Deciding who should attend the meeting (who should be invited) — Cross-Cultural Meetings part 3Articles, Meetings
This article is part of a series on effective meetings between Japanese and non-Japanese.
I’ve heard many complaints from non-Japanese working with Japanese about there being too many people invited to attend meetings. The typical western view is that only those who will participate in the discussion (in other words, those who have something to contribute) need to be there. Anyone else can be briefed on what happened later, either verbally or through being given a copy of the minutes.
In contrast, Japanese have a tendency to invite a larger number of people, namely anyone who might have an interest in the proceedings. There seems to be a value placed on giving people the opportunity to hear for themselves exactly what is being said, and to grasp the overall atmosphere and flavor of the discussion. From a western perspective, that would be fine if everyone had unlimited time available to attend meetings. However, since businesspeople today are typically busy, the time taken up by a meeting could be used for other work. And indeed, the time spent in the meeting might even result in people needing to stay overtime to finish up work that could not be completed.
Wasting time is not the only downside of having too many people in a meeting. When there are a large number of participants, it becomes very difficult to have a good conversation. People will feel hesitant to share their opinions, and will become spectators rather than true participants. Those who do want to say something will become frustrated waiting for a chance to speak.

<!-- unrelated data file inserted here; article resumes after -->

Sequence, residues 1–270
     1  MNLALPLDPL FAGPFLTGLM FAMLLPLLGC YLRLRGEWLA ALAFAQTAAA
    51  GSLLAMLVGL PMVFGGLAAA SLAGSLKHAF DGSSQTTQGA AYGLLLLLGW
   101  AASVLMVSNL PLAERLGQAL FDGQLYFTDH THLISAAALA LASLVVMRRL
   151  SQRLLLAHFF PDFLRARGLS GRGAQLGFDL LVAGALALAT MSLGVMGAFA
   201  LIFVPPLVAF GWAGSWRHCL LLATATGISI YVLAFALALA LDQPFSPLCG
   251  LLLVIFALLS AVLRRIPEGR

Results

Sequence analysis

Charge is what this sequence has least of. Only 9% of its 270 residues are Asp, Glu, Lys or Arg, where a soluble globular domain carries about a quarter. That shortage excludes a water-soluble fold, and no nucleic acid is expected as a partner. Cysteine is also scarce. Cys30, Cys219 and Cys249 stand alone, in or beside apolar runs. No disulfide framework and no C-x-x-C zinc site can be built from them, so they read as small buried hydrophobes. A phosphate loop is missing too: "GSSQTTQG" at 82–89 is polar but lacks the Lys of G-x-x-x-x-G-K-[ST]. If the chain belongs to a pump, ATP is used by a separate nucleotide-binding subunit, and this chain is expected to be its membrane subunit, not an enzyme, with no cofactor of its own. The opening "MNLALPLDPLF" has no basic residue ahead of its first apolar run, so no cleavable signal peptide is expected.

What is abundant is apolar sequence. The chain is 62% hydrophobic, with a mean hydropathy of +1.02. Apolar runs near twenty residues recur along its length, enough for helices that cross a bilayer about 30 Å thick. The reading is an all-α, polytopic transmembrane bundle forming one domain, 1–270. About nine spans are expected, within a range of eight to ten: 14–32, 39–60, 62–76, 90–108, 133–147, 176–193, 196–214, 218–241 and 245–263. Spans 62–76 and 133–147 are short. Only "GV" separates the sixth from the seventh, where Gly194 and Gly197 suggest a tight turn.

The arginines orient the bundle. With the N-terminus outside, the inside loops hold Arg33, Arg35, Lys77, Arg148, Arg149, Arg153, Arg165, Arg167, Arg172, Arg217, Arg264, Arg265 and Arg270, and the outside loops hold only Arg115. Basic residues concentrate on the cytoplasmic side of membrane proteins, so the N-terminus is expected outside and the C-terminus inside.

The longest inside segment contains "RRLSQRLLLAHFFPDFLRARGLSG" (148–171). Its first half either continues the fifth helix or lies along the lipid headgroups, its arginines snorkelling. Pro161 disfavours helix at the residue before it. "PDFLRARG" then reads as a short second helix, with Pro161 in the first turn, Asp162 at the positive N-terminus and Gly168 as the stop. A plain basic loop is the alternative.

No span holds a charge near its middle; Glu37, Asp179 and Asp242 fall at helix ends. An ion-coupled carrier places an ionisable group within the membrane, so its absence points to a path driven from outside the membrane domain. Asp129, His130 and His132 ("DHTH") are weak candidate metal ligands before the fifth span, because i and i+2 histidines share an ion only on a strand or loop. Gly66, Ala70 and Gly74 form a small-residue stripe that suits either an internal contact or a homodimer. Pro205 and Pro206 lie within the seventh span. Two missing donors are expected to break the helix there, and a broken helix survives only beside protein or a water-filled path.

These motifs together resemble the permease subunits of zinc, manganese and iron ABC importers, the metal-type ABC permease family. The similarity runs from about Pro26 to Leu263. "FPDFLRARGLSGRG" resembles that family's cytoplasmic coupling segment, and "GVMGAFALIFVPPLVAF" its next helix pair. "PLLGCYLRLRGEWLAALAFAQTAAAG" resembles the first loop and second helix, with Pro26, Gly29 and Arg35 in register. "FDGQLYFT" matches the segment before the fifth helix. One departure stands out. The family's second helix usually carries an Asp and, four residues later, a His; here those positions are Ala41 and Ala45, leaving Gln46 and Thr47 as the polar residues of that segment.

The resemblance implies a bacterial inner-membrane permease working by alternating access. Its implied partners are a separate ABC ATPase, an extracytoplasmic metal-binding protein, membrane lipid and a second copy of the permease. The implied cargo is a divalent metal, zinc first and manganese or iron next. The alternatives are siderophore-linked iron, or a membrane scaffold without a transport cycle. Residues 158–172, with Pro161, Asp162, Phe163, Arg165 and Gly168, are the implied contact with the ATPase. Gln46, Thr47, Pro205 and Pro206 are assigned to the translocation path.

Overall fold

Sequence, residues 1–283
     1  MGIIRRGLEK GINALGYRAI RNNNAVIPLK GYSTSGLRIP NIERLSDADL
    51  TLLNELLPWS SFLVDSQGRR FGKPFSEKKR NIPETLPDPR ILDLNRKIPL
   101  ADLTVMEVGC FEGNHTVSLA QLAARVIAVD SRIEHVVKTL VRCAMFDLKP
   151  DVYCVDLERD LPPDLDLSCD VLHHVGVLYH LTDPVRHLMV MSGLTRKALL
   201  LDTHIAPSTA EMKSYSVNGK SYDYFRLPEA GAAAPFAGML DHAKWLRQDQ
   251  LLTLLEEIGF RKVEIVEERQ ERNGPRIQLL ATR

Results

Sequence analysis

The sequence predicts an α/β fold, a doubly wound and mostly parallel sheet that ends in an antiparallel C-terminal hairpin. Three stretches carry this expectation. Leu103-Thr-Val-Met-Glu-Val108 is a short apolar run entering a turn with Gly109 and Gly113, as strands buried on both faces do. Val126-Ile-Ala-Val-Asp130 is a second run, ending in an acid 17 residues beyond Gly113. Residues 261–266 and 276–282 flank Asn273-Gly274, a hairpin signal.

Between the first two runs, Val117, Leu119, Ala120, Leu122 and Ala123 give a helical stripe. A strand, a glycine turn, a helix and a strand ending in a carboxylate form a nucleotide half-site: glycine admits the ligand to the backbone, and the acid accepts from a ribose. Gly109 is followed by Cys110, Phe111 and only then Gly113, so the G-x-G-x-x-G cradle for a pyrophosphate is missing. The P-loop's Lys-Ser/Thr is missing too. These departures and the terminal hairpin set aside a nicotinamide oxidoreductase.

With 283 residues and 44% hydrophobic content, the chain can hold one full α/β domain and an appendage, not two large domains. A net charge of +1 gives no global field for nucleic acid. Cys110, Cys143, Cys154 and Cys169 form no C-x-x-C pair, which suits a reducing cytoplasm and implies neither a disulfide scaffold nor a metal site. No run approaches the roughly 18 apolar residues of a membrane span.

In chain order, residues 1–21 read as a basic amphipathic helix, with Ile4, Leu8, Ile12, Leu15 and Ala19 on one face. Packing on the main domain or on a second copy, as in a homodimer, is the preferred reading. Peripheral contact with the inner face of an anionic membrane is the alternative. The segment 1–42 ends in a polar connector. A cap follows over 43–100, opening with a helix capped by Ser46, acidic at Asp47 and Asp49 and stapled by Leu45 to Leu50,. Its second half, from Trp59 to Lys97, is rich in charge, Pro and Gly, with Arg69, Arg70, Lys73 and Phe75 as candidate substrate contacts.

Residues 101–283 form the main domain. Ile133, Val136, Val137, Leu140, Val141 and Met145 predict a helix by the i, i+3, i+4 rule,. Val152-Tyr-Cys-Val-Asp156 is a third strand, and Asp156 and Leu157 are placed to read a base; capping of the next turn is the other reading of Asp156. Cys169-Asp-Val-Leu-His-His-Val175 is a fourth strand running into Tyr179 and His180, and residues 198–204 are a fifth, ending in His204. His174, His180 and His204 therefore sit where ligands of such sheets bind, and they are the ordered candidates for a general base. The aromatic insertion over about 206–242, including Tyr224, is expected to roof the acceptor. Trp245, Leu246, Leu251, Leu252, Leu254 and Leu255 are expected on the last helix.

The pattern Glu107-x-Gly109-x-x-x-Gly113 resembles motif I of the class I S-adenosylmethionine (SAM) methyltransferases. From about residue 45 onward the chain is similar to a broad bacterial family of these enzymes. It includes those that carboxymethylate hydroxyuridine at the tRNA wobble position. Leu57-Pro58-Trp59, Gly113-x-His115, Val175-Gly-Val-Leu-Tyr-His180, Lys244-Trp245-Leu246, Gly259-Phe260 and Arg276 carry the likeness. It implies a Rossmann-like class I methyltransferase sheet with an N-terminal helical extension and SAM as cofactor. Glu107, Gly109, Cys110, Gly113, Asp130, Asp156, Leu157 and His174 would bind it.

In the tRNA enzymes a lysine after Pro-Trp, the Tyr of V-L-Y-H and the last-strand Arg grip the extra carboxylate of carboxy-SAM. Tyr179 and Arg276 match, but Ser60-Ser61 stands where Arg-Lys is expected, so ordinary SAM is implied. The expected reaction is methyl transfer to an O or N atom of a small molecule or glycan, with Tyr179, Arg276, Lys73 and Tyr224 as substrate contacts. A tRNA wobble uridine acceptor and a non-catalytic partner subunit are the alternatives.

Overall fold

Keeping these sensitivities in mind, how do you decide who should be invited? You could choose one representative from each affected or related group or area of the company. Or you could invite only those people who meet any of the following criteria:
- Those who will be directly affected by things discussed or decided during the meeting
- Those who need to quickly execute things discussed or decided
- People who have something to say about the matters to be discussed
- People who have special knowledge or information about the matters to be discussed
In turn, it’s not necessary to invite anyone who is not directly connected to the matters being discussed, or who can get the information they need afterward.
Of course, while focusing on keeping the number of people in the meeting from becoming unwieldy, it’s also important to be sure to invite anyone whose presence is necessary to make the meeting a success. In one study conducted by the American company 3M looking into the causes of unproductive meetings, the absence of the right people surfaced as a key issue. For this reason, it’s important to invite people based on their ability to contribute to the discussion, rather than on their title or office politics.
For more on how to make your cross-cultural meetings effective, get a copy of our free bilingual ebook here.
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